By Vicki Wrona, PMP

Often in project management classes we teach the concept of situational leadership, which suggests that you should adjust your leadership style based on the readiness level of the person or group you are leading. That is a good theory, but on top of that you should also consider other factors, leading to a management style that adapts not only to the ability and willingness of the person or group involved but also to the intended outcome. Let me explain.

With situational leadership, your approach as a manager will vary depending on the readiness level of the person you are managing at the moment. For example, if the person or group you are managing is new to the type of work you need them to do, you will take a more direct style and explain to them what needs to be done and how to do it. This allows them to fully understand what needs to be done and to deliver that work with success, theoretically moving them up the readiness scale and ensuring they are able and willing to do this work the next time it is needed. If the person you are managing is already an expert at the work to be done and willing to do the work, you can delegate the task to them, being available if and as they need support.

On top of that, you need to take into account other constraints and the intended outcome. For example, if you need something done right away because you are on a tight deadline, a direct style, or push approach, works. This allows the person or team to complete the work quickly without having to spend time determining how to approach the work. This also works when the job to be done is smaller or more trivial, avoiding unnecessary discussion and debate.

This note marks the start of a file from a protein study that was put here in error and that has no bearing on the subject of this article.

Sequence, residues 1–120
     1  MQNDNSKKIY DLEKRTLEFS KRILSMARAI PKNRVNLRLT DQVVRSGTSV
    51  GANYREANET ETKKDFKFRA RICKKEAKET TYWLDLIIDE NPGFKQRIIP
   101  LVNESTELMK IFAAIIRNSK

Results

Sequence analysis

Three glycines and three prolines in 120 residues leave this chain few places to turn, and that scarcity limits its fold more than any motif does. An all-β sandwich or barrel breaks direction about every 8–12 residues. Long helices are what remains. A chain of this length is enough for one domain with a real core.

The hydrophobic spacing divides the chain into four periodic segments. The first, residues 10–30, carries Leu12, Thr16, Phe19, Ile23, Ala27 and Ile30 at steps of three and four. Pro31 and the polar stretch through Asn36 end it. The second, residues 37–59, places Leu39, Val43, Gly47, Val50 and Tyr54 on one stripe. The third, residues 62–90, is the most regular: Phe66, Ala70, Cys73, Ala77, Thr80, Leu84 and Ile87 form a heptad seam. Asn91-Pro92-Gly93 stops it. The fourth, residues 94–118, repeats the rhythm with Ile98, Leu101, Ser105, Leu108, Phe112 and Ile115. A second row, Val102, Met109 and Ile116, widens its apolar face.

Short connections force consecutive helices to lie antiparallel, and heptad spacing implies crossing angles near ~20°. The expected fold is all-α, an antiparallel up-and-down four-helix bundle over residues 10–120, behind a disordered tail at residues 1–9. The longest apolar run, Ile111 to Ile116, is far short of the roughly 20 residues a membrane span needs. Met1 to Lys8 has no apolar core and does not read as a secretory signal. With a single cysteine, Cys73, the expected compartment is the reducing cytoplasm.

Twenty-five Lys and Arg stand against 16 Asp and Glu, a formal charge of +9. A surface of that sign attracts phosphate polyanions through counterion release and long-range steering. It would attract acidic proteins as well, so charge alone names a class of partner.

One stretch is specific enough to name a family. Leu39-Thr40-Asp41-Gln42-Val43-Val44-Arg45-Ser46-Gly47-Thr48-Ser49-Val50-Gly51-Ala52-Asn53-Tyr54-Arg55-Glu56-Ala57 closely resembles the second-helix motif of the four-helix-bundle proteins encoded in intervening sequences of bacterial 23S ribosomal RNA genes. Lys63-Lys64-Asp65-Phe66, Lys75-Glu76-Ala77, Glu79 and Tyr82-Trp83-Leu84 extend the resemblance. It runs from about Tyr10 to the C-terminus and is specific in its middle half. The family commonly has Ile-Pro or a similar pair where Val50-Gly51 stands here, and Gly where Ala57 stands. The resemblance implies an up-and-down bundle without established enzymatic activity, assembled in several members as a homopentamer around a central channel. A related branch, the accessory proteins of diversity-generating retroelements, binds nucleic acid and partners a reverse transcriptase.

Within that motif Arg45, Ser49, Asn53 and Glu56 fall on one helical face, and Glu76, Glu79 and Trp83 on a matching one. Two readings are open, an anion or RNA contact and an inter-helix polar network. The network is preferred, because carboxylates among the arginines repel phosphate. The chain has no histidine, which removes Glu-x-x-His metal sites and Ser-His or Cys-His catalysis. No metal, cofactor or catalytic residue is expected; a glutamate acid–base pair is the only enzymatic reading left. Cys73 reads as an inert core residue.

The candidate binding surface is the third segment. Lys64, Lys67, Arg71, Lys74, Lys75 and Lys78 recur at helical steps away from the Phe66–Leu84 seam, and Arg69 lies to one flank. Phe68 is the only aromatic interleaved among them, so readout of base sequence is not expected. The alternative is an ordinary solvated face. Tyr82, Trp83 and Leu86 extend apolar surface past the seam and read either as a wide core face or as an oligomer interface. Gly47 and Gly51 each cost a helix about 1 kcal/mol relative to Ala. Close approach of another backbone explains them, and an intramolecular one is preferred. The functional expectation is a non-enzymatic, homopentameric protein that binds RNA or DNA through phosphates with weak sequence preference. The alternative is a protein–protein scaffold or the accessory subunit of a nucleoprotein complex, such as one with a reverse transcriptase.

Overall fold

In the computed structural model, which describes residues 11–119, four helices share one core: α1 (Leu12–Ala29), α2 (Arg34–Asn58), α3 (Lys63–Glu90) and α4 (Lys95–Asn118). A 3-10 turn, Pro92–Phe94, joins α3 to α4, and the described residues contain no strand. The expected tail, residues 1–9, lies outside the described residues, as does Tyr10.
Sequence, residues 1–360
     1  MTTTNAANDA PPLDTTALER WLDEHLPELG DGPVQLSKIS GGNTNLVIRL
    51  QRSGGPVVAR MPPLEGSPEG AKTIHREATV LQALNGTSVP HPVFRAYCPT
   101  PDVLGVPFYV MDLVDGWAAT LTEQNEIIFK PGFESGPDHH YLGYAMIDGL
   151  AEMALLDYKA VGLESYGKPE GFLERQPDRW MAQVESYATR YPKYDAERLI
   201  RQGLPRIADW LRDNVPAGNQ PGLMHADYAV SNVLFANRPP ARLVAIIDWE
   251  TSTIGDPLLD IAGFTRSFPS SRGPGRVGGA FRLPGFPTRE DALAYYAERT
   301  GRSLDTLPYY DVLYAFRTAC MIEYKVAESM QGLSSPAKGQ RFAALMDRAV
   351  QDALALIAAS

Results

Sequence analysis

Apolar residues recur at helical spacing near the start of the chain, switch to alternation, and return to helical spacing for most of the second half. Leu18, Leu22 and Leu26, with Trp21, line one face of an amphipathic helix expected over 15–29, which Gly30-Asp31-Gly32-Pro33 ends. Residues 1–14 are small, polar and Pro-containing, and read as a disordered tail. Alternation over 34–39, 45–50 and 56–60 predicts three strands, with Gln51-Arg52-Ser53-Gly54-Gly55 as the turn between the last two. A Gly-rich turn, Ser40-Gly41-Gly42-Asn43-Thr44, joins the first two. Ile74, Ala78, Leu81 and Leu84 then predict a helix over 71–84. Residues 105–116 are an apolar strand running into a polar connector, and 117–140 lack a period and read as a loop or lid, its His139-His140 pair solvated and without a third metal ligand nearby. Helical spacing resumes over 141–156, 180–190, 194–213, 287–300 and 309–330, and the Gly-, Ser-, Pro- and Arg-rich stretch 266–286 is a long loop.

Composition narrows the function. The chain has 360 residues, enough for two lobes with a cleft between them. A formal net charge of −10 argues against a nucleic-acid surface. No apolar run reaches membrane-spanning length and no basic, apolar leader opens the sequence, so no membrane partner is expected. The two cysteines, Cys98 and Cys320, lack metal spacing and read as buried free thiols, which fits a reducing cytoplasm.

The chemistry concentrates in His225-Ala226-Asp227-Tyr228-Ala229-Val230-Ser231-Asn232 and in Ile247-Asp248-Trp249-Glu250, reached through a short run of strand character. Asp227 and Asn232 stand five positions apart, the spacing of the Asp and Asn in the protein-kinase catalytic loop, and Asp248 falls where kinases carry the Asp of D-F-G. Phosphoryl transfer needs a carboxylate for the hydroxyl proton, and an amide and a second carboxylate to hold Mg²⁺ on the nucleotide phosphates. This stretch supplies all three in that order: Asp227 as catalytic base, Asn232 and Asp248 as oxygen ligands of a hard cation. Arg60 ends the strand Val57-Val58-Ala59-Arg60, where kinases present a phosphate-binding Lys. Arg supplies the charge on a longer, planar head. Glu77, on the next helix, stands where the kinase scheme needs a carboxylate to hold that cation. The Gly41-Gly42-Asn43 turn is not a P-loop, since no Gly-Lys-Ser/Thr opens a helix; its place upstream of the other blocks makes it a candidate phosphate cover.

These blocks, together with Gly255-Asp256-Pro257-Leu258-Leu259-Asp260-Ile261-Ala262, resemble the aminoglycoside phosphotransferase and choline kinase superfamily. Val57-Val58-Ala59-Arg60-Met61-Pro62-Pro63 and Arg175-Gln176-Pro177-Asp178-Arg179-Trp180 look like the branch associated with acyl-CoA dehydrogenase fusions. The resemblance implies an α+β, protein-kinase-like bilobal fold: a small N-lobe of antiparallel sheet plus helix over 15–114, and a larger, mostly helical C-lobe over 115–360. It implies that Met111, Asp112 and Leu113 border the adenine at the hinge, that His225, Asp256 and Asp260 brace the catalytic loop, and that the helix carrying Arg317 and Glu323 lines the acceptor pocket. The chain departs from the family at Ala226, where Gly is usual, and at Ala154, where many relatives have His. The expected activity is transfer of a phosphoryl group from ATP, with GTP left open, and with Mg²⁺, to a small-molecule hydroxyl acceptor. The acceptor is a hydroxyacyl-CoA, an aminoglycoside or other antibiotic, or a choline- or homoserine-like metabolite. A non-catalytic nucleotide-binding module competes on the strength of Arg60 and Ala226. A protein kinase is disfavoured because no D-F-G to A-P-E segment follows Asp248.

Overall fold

If, however, you need the person or team to be more engaged or fully vested in the work, a pull approach is more appropriate, even if (and I would especially if) time is short. This approach allows people to participate in “how” the work will be done, allowing for multiple viewpoints to be considered. Doing this will not only increase engagement, involvement and buy-in, but can also (hopefully) lead to a more efficient approach or better solution. This is appropriate for work that requires more buy-in, is more complex or risky, or that which has a higher profile or visibility.

Managers with more experience know they need to vary their approach and they know how to do this effectively. We all have a preferred style but we know, or need to learn, to develop and use various approaches where applicable to be a good leader.

Are you properly varying your approach based on what’s best for that situation?

Blog_Bottom_Divider_BFull Course: Leadership Lessons That Work (4 days)

Click here for our full list of available courses!

0 replies

Leave a Reply

Want to join the discussion?
Feel free to contribute!

Leave a Reply

Your email address will not be published. Required fields are marked *